Those three and Abdi Karim Mubarak, who witnessed events on the December 19 boat, say they are prepared to give their evidence to Australian investigators.
"We know the people who (have) done these kind of incidents, we know their names and we know their ships, we know them by physical appearance" said Abdi, a 36-year-old former seaman, speaking through Sharmarke, who has good English.
Abdi and Sharmarke say they can identify the three navy vessels that pushed back the December 19 boat - by the numbers on their hulls, 88, 83 and 154 - and some RAN members involved. Two sailors from ship 154 "made physical abuses to us". Sharmarke said the captain of No 88 "was rather a good man".
"He claimed, 'It's not up to me, this decision is up to government' and we just waited for the answer from the government as he said."
Last night Immigration Minister Scott Morrison cast further doubt on the asylum-seekers' allegations.
"After first claiming they were tortured, the individuals have now changed their story and are making further unsubstantiated claims against our navy and Customs and Border Protection Service, alleging inappropriate use of force," he said.
"Australians can make up their own minds who they wish to believe. I accept the assurances of our navy and our Customs and Border Protection Service, who routinely put their own lives at risk to protect our borders and save those who try to breach them. I know and trust that our navy and Customs and Border Protection Service act in accordance with their training and would only use force where necessary and appropriate to deal with threatening and non-compliant behaviour.
"There are clear rules and guidelines to govern their behaviour and use of force and they are well trained to act in accordance with these rules. I'll back their professionalism and integrity over the self serving claims of those unhappy that they were denied what the people smugglers promised them."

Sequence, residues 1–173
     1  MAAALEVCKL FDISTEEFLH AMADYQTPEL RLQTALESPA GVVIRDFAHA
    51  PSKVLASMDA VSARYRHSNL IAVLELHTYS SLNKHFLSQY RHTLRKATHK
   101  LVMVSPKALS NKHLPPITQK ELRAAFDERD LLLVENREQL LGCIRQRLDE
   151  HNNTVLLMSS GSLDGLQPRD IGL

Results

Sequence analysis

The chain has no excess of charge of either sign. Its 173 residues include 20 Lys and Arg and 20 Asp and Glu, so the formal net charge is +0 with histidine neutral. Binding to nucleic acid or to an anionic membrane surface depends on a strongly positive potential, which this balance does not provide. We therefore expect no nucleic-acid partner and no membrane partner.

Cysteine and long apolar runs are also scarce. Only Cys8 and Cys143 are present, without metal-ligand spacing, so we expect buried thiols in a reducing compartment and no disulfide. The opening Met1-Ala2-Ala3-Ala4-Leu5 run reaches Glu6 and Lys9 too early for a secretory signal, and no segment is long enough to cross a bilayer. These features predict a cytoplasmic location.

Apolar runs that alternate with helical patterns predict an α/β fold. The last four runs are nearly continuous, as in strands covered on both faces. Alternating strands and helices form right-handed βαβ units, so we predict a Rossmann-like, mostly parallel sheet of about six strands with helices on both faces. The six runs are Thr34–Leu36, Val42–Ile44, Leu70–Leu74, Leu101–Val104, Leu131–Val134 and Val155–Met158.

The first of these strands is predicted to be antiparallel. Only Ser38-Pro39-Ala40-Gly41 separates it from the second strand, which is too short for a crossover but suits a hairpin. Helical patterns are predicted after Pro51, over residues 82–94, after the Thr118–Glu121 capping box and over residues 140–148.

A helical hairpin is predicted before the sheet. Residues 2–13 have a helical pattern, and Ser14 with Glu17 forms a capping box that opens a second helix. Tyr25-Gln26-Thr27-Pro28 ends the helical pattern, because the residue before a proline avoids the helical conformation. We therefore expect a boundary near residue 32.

The asylum-seekers were interviewed yesterday by The Australian and the ABC, which has been at the centre of the domestic controversy over the navy mistreatment allegations.
The four raised some fresh matters, such as alleged use of "teargas" on the January 6 boat - which appears to have been pepper spray - and additional descriptions of the RAN vessels and personnel involved. The interviews failed to yield any corroboration for allegations RAN personnel deliberately burned some asylum-seekers by making them "hold on to a hot engine pipe".
On the alleged use of pepper spray, a spokesman for Mr Morrison said last night Border Protection Command personnel were trained in the use of "personal defensive equipment" and medical assistance was provided if required to anyone overcome by their use.
"The equipment is used, for example, to bring people under control when they are engaged in non-compliant, threatening behaviour to other passengers or crew," the spokesman said. "The government rejects any suggestion that such devices have been used in a manner that was not compliant with standard procedures and training. Any such claim is baseless."
Sharmarke, who was responsible for publicising the most serious allegations about the events on the January 6 boat, was a passenger on the December 19 boat. Yesterday, he seemed unclear about the precise nature of the allegations. Speaking about two other asylum-seekers who had jumped overboard, he claimed at one point that sailors "just physically beat and then forced them to hold the (engine) pipe".
Those men have been transferred to Tanjung Pinang immigration detention centre; Sharmarke conceded later he had no direct knowledge of the claimed incident, which happened on the January 6 boat.
The "hold(ing) on to a hot engine pipe" claim was aired on ABC radio's January 22 AM program, together with an introduction that "new footage appears to back asylum-seekers' claims of mistreatment by the Australian navy".
Additional reporting: Paul Maley, Telly Nathalia

Charges: Mpls. Man Severely Assaulted 18-Month-Old Child « CBS Minnesota

Charges: Mpls. Man Severely Assaulted 18-Month-Old Child « CBS Minnesota

A 23-year-old Minneapolis man is in custody after severely assaulting an 18-month-old child and a woman last week, according to Minneapolis Police.
On the evening of Jan. 25, police officers responded to the report of a domestic assault in progress on the 5700 block of Sander Drive. While responding, officers were notified of a “serious threat” to the toddler at the same location.
When officers arrived, they made contact with a man who resisted officers’ attempts to get into the residence. Once inside, officers located the young girl with severe injuries. The mother of the victim was also located and had also suffered assault injuries.